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I have 2 sqlite3.x databases (from an iPhone), one from a game app, and the other is the address book.

I have logging and display errors 'on' in the php conf.

Using PHP/PDO I can display the fields and values from the game database, including image blobs which I catch with my results page and render with "img src='data:...'. I'm using htmlentities on other fields to catch things like plist binary blobs.

I'm using a perl script to generate the first page, and the sample data is obtained using a system call to sqlite3. The script is doing a recursive search through a directory provided as a cli argument.

I basically get the first record from each table within a database (as a data sample), give the user options on which fields they want to further interrogate, and pass those options to a form handler which executes the query against the target table, and getting data from the chosen columns.

However...I get a "unable to open database" general error when trying to connect to the addressbook database.

I have checked the database permissions, ownership, put both in the same directory, made them fully open to the world..everything I can think of, and still no joy.

What's really odd is that I can query all databases quite happily from the commandline with sqlite3, but get this error when using PDO.

The whole things trips up at the following:

($db and $strSQL vals passed from previous page)

$dbh = new PDO('sqlite:'.$db);
$result = $dbh->query($strSQL);

Even if I select a simple primary key column from the table, I get the error, so I'm pretty sure it's not a data handling problem. I've even tried this same script against Firefox and Chrome databases...no problems at all.

Would really appreciate any ideas/pointers/suggestions. This one is doing my head in!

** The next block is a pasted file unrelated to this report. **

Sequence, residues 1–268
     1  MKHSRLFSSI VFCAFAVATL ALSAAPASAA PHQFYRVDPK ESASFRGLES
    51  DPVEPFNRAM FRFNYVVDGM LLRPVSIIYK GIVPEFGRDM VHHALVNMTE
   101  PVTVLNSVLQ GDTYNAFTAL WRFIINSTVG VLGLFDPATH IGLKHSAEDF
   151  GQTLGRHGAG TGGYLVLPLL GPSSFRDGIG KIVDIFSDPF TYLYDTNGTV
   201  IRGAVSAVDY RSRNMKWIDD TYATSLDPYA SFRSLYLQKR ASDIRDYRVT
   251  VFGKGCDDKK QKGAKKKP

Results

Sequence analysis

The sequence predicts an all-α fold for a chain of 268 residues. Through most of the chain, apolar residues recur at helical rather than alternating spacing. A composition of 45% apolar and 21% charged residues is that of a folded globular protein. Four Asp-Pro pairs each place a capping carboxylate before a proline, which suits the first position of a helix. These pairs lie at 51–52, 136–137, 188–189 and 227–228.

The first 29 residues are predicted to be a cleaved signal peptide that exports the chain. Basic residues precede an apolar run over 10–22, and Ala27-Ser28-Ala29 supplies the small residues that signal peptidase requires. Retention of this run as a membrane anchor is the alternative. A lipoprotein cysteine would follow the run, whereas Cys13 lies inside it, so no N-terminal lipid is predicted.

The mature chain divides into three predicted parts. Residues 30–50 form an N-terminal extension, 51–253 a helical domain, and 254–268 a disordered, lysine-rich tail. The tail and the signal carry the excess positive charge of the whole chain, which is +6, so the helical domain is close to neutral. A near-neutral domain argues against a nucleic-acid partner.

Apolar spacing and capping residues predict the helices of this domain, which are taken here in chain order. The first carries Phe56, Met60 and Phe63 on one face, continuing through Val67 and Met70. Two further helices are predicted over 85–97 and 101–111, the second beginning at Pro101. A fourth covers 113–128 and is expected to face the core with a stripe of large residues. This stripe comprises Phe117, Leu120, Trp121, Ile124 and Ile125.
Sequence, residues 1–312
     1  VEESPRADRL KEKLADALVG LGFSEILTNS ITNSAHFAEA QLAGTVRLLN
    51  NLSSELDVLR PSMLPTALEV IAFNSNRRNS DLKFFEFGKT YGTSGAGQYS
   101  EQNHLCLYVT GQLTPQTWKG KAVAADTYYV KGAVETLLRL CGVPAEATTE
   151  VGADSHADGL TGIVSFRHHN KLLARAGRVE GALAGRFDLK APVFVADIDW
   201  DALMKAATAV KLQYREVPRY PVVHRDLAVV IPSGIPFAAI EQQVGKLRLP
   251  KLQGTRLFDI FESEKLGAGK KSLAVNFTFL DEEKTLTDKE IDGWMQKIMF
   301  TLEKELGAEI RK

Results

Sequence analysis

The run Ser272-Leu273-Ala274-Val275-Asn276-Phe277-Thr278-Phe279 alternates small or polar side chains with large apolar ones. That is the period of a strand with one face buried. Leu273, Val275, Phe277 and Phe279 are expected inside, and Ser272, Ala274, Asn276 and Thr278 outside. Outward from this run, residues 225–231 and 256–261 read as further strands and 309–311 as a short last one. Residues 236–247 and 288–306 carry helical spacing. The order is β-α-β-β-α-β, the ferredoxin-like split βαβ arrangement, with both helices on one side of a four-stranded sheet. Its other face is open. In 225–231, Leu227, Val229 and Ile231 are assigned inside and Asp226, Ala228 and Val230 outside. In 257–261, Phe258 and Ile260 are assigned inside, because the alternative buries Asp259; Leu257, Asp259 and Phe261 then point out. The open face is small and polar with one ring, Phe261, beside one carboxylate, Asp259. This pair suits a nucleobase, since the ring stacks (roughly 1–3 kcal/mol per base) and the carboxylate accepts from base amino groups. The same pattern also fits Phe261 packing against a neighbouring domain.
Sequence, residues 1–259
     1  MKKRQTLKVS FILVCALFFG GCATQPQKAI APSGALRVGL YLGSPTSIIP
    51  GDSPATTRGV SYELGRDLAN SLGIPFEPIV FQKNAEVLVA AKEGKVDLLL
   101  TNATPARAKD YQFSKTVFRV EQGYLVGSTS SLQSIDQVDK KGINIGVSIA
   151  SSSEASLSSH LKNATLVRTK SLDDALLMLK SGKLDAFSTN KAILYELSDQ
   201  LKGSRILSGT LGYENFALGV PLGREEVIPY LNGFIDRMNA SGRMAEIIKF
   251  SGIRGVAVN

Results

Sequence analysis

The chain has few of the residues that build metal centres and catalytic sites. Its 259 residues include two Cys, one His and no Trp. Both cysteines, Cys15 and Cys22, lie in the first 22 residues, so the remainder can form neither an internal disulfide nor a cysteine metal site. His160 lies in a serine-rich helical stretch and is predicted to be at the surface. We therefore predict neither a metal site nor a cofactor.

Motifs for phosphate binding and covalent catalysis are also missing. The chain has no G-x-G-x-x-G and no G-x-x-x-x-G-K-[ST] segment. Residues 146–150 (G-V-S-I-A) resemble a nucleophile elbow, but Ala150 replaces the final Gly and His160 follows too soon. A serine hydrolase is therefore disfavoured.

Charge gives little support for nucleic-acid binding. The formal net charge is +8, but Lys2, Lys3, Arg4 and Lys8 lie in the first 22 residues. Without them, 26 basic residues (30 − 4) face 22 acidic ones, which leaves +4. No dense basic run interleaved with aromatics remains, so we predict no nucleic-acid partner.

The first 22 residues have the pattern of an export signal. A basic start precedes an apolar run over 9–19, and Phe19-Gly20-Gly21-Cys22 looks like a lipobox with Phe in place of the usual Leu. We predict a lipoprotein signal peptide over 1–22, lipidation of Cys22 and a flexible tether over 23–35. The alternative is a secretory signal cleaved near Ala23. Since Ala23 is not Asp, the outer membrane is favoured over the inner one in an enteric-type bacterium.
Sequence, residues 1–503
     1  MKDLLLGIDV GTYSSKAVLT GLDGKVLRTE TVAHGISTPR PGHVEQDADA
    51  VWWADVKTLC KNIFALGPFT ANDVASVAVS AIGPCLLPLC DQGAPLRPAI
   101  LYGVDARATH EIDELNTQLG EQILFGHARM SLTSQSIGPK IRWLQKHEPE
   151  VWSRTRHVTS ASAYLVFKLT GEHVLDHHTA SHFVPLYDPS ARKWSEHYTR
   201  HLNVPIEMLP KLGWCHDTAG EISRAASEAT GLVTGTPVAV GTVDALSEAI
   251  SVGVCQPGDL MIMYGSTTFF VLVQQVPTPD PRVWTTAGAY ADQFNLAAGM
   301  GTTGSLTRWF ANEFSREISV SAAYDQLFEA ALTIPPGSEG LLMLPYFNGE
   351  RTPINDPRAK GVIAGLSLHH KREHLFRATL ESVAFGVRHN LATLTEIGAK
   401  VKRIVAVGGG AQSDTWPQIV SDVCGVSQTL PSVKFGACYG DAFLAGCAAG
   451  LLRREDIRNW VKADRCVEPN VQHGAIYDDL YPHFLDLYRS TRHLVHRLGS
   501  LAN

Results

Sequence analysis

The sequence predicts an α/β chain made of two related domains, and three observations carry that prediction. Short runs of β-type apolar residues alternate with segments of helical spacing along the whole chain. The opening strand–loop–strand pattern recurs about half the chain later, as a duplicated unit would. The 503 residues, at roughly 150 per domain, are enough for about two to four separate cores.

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2 Answers 2

OK...So it seems that despite the fact the database files themselves were wide open (chmod 777), the directory where they sit has to be writeable! Still not sure how sqlite from the commandline gets away with not requiring a writable directory, but you certainly need it for PHP/PDO queries.

The databases that were not showing results have the Write-Ahead Logging (WAL) bits set (bytes 18 and 19 of the file header), and the directory needs to be writeable so SQLite can create the WAL version of the database being queried. Bytes 18 and 19 are set to 0x01 and 0x01 for non-WAL dbs, and 0x02 0x02 for WAL enabled databases.

What gave it away?...the sudden appearance of copies of my addressbook database file with "-wal" and "-shm" appended to the end of the filename when I re-ran the query and happened to have moved the DBs into a writeable directory for testing.

Go figure!

PS.. Interestingly enough, every time the journal mode is changed (using a db query "pragma journal_mode=[wal|off]"), a 2 byte counter at bytes 94 and 95 increments by one. Noted this when checking the hash values of the db when flipping between modes, and could not get the same 2 hashes. I did a xxd on a before and after database, piped the output to txt files, then diff'd the 2 txt files...and there were these counter bytes.

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That's a documented disadvantage of using WAL. As for the schema version, that is incremented for every change in the database schema, including the journal mode. –  Martijn Nov 4 '14 at 13:27

Based on the error message "Unable to open Database", it's unable to access the sqlite file. I am sure you have checked your "$db" variable from previous page.

It's difficult to give you a definite answer. Can you try without PDO, just to check wether there is an issue with sqlite file or the PHP code.

Post your results and lets see.

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Thanks Harsain, I used a lot of 'print' code to make sure the results page is getting all the right values for all vars passed from the previous page. It's almost as if PDO thinks the database is not a valid database. SQLite has no problems from the cli. Since everything is running local, I might have to resort to using php exec, but that's extra messing about looping through the output arrays to get it to display nicely. Just very annoying not knowing why PDO can't seem to do it. –  ShaneH Dec 4 '13 at 9:27
Just to eliminate other possible errors, I chopped out all code except for the the PDO connection and a try/catch with error traps. Absolutely no useful info apart from the "SQLSTATE[HY000]: General error: 14 unable to open database file" message...which is about as useful as ejector seats in a helicopter! –  ShaneH Dec 4 '13 at 9:33
Good to know you were able to figure it out –  Harsain Dec 4 '13 at 10:42

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